Political Risks


The number of countries with downgraded political risk ratings grew in the last year, as all five emerging market BRICS countries (Brazil, Russia, India, China, South Africa) saw their risk rating increase, according to Aon’s 2014 Political Risk Map.

As a result, countries representing a large share of global output experienced a broad-based increase in political risk including political violence, government interference and sovereign non-payment risk, Aon said.

The 2014 map shows that 16 countries were downgraded in 2014 compared to 12 in 2013. Only six countries experienced upgrades (where the territory risk is rated lower than the previous year), compared to 13 in 2013.

Aon noted that Brazil’s rating was downgraded because political risks have been increasing from moderate levels as economic weakness has increased the role of the government in the economy.

This is of particular concern given this year’s World Cup and the 2016 Olympics.”

Russia’s rating was also downgraded due to recent developments with the Ukraine and the annexation of Crimea.

Aon said:

Political strains and focus on geopolitical issues have exacerbated an already weak operating environment for business and exchange transfer risks have increased following the risk of new capital controls. Russia’s economy continues to be dominated by the government, so economic policy deadlock has brought growth to a standstill and with it an increase in the risk of political violence.”

India, China and South Africa also saw their ratings downgraded.

In another key takeaway Aon noted that Ukraine is now rated a very high risk country, as the implications of developments following the annexation of Crimea by Russia and government collapse warranted a further downgrade in political risk.

Exchange transfer risks, which are already very high will be further increased by restrictions in the financial system, Further, the willingness and ability of the country to settle its debts may be affected.”

The map measures political risk in 163 countries and territories, in order to help companies assess and analyse their exposure to exchange transfer, legal and regulatory risk, political interference, political violence, sovereign non-payment and supply chain disruption.

Hat tip to Insurance Journal which reports on this story here.

The Ukraine crisis is making headlines around the world, and also in the insurance world.

While events are still unfolding, Russia’s move to annex the Crimea region of Ukraine has prompted United States and European Union leaders to impose economic and travel sanctions on some Russian officials.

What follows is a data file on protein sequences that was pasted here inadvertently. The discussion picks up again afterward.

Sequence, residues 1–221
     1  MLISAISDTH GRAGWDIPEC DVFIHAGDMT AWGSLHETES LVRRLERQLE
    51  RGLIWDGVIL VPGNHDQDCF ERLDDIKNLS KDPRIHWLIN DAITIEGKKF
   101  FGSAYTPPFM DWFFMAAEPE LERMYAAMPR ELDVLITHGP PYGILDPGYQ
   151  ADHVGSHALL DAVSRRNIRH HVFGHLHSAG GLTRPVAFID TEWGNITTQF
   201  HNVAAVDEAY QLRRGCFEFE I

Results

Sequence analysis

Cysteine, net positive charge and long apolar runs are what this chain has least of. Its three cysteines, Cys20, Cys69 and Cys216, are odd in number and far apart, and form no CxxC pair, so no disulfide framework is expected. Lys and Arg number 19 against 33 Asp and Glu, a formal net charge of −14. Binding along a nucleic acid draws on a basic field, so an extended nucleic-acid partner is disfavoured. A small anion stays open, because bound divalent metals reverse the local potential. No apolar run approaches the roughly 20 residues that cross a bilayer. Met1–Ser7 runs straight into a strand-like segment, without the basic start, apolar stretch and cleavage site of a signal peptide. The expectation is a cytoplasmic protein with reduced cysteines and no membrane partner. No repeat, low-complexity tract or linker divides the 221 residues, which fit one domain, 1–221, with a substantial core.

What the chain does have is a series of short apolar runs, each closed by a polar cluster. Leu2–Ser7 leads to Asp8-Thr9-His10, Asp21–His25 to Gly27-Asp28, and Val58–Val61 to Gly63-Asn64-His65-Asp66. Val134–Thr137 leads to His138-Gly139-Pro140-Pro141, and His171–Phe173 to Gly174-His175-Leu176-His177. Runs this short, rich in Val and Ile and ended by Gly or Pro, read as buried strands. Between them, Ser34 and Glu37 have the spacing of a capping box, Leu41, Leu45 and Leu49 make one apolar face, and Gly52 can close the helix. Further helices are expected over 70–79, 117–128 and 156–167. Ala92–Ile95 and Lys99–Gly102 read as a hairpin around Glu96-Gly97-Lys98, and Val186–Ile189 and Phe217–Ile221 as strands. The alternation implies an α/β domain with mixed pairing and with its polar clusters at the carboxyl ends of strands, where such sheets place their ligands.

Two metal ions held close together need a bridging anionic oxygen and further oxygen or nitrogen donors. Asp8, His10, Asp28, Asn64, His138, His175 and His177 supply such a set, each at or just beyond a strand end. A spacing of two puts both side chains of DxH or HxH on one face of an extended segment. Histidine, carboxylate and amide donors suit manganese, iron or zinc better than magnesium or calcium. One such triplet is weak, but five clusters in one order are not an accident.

U.S. and EU leaders will meet next week in the Netherlands to discuss the crisis and further sanctions are possible.

As for insurance implications, the ongoing turmoil has the potential to impact the political risk, structured credit and trade credit insurance markets.

Broker Marsh said in a briefing last week that some insurers had stopped underwriting political risk insurance in the two countries due to concern over the political unrest and credit ratings in Ukraine and potential sanctions in Russia.

Canadian Underwriter reported on the story here.

Noting the uncertainty of the evolving situation, Marsh said:

Companies with interests in the region face the potential for damage to assets through political violence and possible broader expropriation measures or sanctions against foreign interest in Russia should sanctions be imposed against the country. This is in addition to the potential for payment delays on trade payment obligations due from customers, especially those in Ukraine.”

Marsh also noted that because Russia is the political risk and structured credit market’s largest country exposure, if the current conflict results in large-scale insurable damage, global premiums and insurance capacity for these coverages could be adversely affected.

There is also the potential for a downgrade of the country rating by the ratings agencies and possible payment difficulties for creditors of Ukrainian companies, either commercial or economic, Marsh added.

The broker advised businesses with operations in Ukraine, especially those in Crimea, to check their crisis response and insurance programs to ensure they sufficiently mitigate the potential effects on their operations.

The I.I.I.’s International Insurance Fact Book has insurance and economic data on Russia and Ukraine here.